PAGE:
1.    Monica Sanchez said

      Hello Denis.
      Well, what you say is very curious. Does the sun shine directly on you? It is very important that this is so so that it can lignify; if it is in semi-shadow, it remains weak.
      If it is already in a sunny area, I can only think of a lack of compost, perhaps.
      If you want, upload an image to tinypic (or some other image hosting website), copy the link here and I'll tell you.
      A greeting.

  14.   Angel Cano said

    I have a question, I have dozens of tiny raspberries that sprout from the seeds of an adult, won't they die if I take them out and plant them in a pot to start the process of working them as bonsai?

    1.    Monica Sanchez said

      Hello Angel.
      You can dig them out of the ground in late winter and plant them in individual pots. The only thing, make deep trenches, at least 20cm, to be able to remove them with the roots more or less intact.
      A greeting.

  15.   anahi montero said

    Hello. I found several little framboyan plants and removed them from the ground taking advantage of the fact that it had rained. How did you plant them in a pot? Right now I have them wrapped in a damp paper. The idea is to bring 4 to the ground and 1 make it bomsai. I need advice on how to do it. I live in Chaco, Argentina. Very hot area and full of this beautiful tree. I take this opportunity to ask you. Is the framboyan familiar to the jacaranda? Thanks for the site. Its wonderful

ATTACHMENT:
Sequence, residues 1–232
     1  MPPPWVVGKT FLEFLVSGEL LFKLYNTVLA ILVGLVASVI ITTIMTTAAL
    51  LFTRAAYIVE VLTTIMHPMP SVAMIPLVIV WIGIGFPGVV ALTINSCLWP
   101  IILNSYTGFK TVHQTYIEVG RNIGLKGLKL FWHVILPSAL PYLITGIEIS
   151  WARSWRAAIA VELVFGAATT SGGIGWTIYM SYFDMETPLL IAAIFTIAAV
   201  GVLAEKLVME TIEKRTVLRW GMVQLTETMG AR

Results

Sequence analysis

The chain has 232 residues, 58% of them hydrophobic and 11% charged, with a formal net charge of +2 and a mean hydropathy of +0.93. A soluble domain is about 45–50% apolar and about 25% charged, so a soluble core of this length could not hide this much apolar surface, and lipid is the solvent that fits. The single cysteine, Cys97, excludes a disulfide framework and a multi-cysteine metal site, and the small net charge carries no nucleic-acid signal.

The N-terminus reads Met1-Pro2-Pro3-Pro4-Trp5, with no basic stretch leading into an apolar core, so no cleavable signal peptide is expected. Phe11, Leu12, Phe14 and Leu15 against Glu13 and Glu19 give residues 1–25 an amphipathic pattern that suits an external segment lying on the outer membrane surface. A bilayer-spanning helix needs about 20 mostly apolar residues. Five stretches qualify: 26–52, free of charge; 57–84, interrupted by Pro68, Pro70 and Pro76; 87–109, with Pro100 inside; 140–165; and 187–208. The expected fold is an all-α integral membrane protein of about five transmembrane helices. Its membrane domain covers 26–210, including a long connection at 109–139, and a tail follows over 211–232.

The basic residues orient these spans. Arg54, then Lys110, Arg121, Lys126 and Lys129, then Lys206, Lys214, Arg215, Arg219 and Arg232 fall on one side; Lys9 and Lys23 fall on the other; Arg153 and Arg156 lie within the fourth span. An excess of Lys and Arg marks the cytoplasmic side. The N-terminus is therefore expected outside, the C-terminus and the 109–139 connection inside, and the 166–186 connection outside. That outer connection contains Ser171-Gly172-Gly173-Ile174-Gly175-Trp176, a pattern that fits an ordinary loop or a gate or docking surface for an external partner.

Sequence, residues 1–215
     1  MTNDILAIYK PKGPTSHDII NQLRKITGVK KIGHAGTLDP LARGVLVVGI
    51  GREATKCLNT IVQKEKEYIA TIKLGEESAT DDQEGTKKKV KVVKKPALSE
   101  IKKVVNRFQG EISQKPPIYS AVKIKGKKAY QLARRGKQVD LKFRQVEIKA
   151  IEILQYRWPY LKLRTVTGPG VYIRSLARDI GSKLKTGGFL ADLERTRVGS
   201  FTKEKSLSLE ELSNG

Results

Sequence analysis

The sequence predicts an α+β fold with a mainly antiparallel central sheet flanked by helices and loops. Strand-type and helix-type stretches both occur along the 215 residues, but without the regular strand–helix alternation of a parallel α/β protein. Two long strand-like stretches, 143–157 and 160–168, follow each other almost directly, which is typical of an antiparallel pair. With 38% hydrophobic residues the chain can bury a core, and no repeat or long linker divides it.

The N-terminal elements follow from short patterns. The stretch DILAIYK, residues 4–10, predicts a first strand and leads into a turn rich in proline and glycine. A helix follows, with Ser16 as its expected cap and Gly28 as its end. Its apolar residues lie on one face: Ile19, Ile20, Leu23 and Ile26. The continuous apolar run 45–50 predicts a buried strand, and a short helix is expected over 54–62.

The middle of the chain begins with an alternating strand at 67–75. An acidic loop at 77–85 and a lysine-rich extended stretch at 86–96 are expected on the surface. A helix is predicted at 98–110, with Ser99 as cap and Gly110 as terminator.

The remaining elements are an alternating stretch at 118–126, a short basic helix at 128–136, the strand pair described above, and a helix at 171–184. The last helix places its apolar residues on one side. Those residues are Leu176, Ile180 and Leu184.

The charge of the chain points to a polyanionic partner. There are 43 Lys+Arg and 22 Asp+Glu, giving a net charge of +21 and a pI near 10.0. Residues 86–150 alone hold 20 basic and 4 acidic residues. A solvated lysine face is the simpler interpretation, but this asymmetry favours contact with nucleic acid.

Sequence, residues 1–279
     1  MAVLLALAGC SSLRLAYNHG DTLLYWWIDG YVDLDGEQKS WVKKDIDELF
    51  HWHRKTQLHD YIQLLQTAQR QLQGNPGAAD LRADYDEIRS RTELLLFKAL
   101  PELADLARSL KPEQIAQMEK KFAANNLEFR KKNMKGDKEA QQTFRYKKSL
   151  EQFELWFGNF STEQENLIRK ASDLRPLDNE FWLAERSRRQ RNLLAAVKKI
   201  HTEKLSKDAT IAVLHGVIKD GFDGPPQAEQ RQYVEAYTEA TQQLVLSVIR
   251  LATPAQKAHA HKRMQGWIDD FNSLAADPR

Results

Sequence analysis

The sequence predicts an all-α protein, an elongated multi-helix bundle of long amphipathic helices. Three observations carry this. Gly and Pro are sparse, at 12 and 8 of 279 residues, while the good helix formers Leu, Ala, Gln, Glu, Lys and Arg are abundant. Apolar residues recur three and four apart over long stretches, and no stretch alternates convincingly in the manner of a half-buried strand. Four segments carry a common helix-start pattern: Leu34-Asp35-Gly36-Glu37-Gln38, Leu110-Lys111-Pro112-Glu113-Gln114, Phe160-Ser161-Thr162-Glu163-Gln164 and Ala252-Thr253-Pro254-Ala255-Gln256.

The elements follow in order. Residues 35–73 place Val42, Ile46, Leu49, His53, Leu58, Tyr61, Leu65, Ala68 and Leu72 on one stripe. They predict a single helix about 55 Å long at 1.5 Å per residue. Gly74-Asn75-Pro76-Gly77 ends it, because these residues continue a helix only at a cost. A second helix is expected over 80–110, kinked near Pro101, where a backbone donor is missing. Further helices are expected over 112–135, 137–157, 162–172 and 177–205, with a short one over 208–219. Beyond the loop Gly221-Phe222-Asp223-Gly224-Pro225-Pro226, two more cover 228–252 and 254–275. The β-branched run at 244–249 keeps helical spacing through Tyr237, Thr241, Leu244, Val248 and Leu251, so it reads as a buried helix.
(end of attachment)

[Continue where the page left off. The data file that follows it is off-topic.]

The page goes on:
1.    Monica Sanchez said

      Hi Anahi.
      I recommend you put them in a pot as soon as possible. Use one that measures at least 30cm, since if you plan to make it bonsai it is important that the tree has a lot of space to grow and, thus, thicken its trunk.
      If you can get akadama, perlite, or gravel-type sand with very small grain, it will root more easily this way.

      Regarding your second question: no, they are not the same. The flamboyan (Delonix regia) is a tropical tree from Madagascar, and the Jacaranda (Jacaranda mimosifolia) is from tropical America.

      A greeting.

  16.   JORGE ARTEAGA said


    1.    Monica Sanchez said

      Hello Jorge.
      It depends a lot on how it is developing. But in principle it will not be necessary to wire it until 2-3 years have passed.
      A greeting.

  17.   Cesar Muñoz Pedroza said


  18.   Virginia said

    I have a flanboyan and I'm new to this
    He observed that his trunk has spots like plant louse
    And here it is winter, although it is under a high roof like a nursery that receives enough sunlight and light even that little air but it is a very wide closed space
    How should i heal him